Resistors for ultralinear-to-triode conversion - diyAudio
Go Back   Home > Forums > Amplifiers > Tubes / Valves

Tubes / Valves All about our sweet vacuum tubes :) Threads about Musical Instrument Amps of all kinds should be in the Instruments & Amps forum

Please consider donating to help us continue to serve you.

Ads on/off / Custom Title / More PMs / More album space / Advanced printing & mass image saving
Reply
 
Thread Tools Search this Thread
Old 26th January 2007, 06:45 AM   #1
diyAudio Member
 
Join Date: Apr 2005
Location: Spain
Default Resistors for ultralinear-to-triode conversion

Hi

Iím planning to modify the output of my Copland CTA-501 valve amplifier from the standard ultra-linear to triode mode. Iíve searched on the net and it seems an easy modification, and fully reversible if the sound doesnít improve. The reduction of power (from 30 to about 15 w/ch) is no problem because I use a pair of easy to drive Spendor SP1/2 loudspeakers, and my listening room is only about 11 sq. metres.

Iíve attached to this post a ďbefore/afterĒ schematic of the changes.
1) Disconnect the screen grid G2 (valve pin 4) from the ultralinear tap in the output transformer, by unsoldering of the R33 and R34 resistors, or even cutting the pcb traces.
2) Join, at the valve socket, the valve pins 4 (G2) and 3 (anode/plate) through a 100 ohm resistor.
Regarding this 100R resistor, Iíve read that it must be non-inductive and rated at 0.5 or 1 watt, but Iíve not read any information about what voltage rating is needed. Most resistors are rated at 200-300 volts. Iíve found the Caddock MK-132 resistors, rather expensive, but small and of radial design (this will make easier the at-the-socket mounting under the pcb), non inductive and rated at 0.75 watts and 400 volts maximum.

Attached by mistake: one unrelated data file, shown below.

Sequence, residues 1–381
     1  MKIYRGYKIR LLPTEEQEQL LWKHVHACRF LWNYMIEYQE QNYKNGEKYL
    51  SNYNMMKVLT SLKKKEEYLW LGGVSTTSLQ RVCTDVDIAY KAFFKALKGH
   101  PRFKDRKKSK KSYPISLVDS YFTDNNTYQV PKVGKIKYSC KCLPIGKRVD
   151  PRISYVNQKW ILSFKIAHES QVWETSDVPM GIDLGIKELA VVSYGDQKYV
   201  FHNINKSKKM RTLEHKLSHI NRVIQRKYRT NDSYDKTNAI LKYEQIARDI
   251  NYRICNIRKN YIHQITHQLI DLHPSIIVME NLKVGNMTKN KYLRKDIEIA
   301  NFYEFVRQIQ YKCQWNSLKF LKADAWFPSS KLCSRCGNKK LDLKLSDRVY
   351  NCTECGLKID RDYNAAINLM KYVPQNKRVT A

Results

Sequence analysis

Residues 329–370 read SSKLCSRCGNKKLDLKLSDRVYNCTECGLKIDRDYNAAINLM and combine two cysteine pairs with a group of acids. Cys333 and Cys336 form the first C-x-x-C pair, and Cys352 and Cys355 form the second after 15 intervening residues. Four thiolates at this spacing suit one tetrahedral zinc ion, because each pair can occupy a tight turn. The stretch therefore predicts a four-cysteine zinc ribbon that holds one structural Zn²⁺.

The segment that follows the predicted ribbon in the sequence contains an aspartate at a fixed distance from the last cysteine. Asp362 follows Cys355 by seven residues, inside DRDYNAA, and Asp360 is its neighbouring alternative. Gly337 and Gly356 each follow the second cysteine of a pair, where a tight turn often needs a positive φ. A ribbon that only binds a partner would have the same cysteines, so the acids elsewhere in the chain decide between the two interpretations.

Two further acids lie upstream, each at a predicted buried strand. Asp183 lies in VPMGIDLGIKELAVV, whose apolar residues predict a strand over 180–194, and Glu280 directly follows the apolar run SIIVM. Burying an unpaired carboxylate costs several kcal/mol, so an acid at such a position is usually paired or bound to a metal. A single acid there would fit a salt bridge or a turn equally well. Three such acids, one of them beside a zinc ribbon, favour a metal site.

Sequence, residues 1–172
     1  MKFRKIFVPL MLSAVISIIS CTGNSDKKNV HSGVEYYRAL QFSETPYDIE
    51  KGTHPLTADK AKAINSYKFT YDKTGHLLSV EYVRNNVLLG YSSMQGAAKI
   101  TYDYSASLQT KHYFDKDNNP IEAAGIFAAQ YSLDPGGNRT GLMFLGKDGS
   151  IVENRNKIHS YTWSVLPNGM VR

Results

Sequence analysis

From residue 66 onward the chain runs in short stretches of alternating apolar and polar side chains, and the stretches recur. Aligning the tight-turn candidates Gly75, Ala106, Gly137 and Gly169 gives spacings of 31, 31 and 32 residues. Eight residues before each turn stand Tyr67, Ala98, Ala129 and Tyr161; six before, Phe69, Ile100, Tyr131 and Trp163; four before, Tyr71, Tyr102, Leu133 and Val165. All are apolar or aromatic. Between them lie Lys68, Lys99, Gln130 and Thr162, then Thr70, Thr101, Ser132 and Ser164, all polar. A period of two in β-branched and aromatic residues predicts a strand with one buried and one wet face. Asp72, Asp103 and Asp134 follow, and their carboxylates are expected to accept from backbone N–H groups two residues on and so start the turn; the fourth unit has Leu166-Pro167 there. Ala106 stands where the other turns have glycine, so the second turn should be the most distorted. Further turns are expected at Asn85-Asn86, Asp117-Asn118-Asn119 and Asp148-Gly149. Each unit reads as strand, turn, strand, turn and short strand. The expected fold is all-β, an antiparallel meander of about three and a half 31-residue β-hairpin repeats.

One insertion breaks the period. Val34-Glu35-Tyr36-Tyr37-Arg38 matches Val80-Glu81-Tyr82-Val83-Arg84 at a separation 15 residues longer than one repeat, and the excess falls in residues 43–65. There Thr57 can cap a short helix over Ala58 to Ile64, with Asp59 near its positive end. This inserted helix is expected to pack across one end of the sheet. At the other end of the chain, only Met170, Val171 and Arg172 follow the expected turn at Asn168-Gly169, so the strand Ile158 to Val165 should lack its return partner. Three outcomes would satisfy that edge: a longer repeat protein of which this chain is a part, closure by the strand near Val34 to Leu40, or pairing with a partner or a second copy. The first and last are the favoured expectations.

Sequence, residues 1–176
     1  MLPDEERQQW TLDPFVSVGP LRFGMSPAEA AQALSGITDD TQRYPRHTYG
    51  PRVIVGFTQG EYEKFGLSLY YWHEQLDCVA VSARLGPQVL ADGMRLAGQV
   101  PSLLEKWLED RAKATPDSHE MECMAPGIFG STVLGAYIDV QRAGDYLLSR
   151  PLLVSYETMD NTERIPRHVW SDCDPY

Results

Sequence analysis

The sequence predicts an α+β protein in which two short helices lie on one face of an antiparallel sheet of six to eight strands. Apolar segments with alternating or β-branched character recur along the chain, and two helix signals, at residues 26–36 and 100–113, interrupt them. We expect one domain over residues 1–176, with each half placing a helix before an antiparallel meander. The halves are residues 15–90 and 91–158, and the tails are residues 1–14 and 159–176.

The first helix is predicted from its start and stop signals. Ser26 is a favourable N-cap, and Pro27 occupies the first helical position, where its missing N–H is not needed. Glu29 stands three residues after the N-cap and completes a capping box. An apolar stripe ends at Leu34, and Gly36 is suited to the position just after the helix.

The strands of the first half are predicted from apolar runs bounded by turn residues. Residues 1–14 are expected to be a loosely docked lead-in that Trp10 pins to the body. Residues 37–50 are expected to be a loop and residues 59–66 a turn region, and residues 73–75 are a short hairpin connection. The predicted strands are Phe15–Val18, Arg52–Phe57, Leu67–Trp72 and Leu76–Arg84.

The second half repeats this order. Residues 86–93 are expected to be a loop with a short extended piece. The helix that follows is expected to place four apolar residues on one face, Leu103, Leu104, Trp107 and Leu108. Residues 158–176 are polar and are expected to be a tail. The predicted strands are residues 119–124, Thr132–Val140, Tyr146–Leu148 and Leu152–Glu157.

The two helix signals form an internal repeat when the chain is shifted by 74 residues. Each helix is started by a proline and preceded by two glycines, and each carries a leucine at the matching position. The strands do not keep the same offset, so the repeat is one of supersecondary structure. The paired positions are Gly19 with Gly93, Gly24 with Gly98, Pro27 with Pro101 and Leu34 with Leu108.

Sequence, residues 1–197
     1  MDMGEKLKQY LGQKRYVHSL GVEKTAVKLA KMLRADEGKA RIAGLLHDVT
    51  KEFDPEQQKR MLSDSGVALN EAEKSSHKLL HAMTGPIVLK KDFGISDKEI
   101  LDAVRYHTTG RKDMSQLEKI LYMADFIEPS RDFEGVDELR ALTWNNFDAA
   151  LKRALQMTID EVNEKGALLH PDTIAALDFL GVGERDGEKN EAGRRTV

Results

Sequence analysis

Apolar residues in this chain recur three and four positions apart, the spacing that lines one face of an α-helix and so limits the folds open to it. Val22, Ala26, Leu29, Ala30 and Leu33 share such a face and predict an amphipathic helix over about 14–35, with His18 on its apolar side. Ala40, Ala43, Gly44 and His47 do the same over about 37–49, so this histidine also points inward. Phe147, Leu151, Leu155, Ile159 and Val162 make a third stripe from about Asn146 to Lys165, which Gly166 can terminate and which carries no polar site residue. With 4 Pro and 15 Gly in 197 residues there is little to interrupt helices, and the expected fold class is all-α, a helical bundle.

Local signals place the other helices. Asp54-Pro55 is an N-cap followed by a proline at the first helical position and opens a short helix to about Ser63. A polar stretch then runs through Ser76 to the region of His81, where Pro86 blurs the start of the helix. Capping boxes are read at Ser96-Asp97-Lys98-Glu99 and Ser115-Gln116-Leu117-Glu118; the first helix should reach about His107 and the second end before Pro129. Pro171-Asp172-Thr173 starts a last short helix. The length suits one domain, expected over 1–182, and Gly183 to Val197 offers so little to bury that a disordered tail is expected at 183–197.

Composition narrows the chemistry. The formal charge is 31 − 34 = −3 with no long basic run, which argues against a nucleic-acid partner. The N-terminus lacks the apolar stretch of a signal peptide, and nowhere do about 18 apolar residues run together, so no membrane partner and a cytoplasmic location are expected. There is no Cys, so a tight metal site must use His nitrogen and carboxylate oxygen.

My doubt is if the choice of this Caddock MK-132 is correct. Are its power and 400v voltage ratings high enough for this specific use? The anode voltage in the amplifier is 430 volts and the specified voltages in different points of the circuit are indicated in the attached schematic.
Have you any suggestion on alternative resistors?

Thanks in advance

Regards
Jose
Attached Images
File Type: jpg triode connection.jpg (27.0 KB, 320 views)
  Reply With Quote
Old 26th January 2007, 06:46 AM   #2
diyAudio Member
 
Join Date: Apr 2005
Location: Spain
This is the "before" original ultralinear schematic
Attached Images
File Type: jpg ultralinear connection.jpg (26.3 KB, 297 views)
  Reply With Quote
Old 26th January 2007, 06:57 AM   #3
diyAudio Member
 
Join Date: Aug 2006
Location: Berkshire UK
Default U/L to triode cxonversion

Hi Jose
1/2 to 1 watt will be more than adequate and ideally standard carbon type but in reality any resistor will do as all it is doing is connecting the screen grid g2 to the anode. Do not get paranoid about boutique components here it is not worth it The object of the resistor is to stop parasitic oscillations in the valve and to protect the HT line/rectifier if the valve goes screen grid to control grid short
As far as voltage rating is concerned I think you have the wrong idea here. Manufacturers voltage ratings are the maximum voltage a resistor can stand across it end to end NOT where it is in the circuit. As this resistor is 100R its end to end voltage will be negligible in the position chosen.

Regards

John Caswell
  Reply With Quote
Old 26th January 2007, 01:54 PM   #4
diyAudio Member
 
tubelab.com's Avatar
 
Join Date: Jul 2005
Location: South Florida
The voltage rating is also related to the ability of the outer coating to break down. You can abuse this rating a bit if the resistor is mounted in free air and there are no other components near it, AND there is no possibility of human contact!

Quote:
1/2 to 1 watt will be more than adequate and ideally standard carbon type but in reality any resistor will do